Arhea Marshall '15

Voiced Over: Reimag(in)ing Blackness in German Film

For my honors project, I wanted to examine the role of visual perception of individuals and groups in Germany and how visual perception informs perceptions of German identity.  The focus group for this study was "Black" Germans.  The goal of my project was to examine the presence and perception of blackness in Germany through the lens of German films.  I use the concept of a visual archive to investigate the ways in which blackness was and is being re-imagined and reimaged from past images.
Six films provided a spectrum of images, genres and plots, with which I could analyze historic relationships to blackness.  The films, listed with their director and release year, were: Toxi (R.A. Stemmle, 1952), Keiner liebt mich (Dorris Dörrie, 1994), Schwarzfahrer (Pepe Danquart, 1992), Otomo (Frieder Schlaich, 2000), Alles wird gut (Angelina Maccarone, 1998) and Zwischen (Todd Ford, 2006).  All of the films are set in various locations throughout Germany.  I consider the films as artistic constructions using deliberate techniques to create "realities" and in relation to historical frameworks: beginning slightly before German colonialism in Africa and incorporating German civilian and military encounters with French colonial troops, African-American soldiers and media produced images of Blacks.  I use international events with nation specific significance as benchmarks of these interactions: World War I and II, the postwar period of American occupation and up into Reunification. The images that emerge identify blackness as representative of specific historical identities, as Besatzungskinder ("occupation children"), as aggressive enemies, and as refugees.  The images seldom reference the complexity of context in which these images materialize, such as the aftermath of Germany losing its colonial possessions in Africa after World War I.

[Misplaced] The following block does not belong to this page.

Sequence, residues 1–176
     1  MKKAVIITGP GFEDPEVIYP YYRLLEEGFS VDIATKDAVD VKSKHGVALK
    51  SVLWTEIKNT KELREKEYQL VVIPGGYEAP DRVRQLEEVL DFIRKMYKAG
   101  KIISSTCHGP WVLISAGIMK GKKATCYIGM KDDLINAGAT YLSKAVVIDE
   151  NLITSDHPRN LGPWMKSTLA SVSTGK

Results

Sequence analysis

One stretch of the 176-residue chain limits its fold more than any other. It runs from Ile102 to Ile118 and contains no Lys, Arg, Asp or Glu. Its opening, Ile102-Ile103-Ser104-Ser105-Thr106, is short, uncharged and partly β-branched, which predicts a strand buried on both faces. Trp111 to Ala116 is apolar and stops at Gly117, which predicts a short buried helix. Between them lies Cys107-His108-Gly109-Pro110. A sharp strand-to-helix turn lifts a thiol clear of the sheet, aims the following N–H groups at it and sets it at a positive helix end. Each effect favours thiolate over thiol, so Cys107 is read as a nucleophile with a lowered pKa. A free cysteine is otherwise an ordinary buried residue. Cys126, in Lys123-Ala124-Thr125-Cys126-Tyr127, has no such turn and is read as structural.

This creation, consumption, utilization and reproduction of images of blackness and Black peoples and often fictionalizations that co-emerge display how the visual archive works.  The archive is embodied both physically and mentally, althoug itself is a figurative concept.  It has to do with how (eine Art des Sehens) and by who Blacks in Germany are viewed.  I concluded that there is a plurality of blackness and how it relates to German identities in German film or in Germany throughout its history.  Furthermore, I observe how blackness surfaces dependent on perceptions of whiteness as normal.  This in part defines the alterity of blackness in Germany, including past citizenship exclusion and marginalization if not total absence ffrom visual archives of "Germanness."

Funding from the Grua/O'Connell Research Fund supported a research trip to Germany during Winter Break 2014, where I was able to conduct interviews, visit and conduct research at the Deutsche Kinemathek.  The faculty in the German Department and staff at the libraries provided immeasurable assistance and accommodation; it has been my pleasure to undertake such a project with their feedback, critique and perspectives.